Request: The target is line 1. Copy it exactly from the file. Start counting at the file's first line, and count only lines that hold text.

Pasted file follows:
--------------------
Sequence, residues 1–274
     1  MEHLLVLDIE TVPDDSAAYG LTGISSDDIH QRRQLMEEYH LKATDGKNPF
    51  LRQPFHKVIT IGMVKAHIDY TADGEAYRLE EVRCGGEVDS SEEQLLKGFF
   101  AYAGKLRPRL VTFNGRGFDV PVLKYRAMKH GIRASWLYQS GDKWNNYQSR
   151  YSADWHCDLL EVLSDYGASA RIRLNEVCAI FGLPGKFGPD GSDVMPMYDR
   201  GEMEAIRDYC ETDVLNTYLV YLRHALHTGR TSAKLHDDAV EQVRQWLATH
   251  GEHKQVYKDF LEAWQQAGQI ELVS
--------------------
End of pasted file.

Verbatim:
Sequence, residues 1–274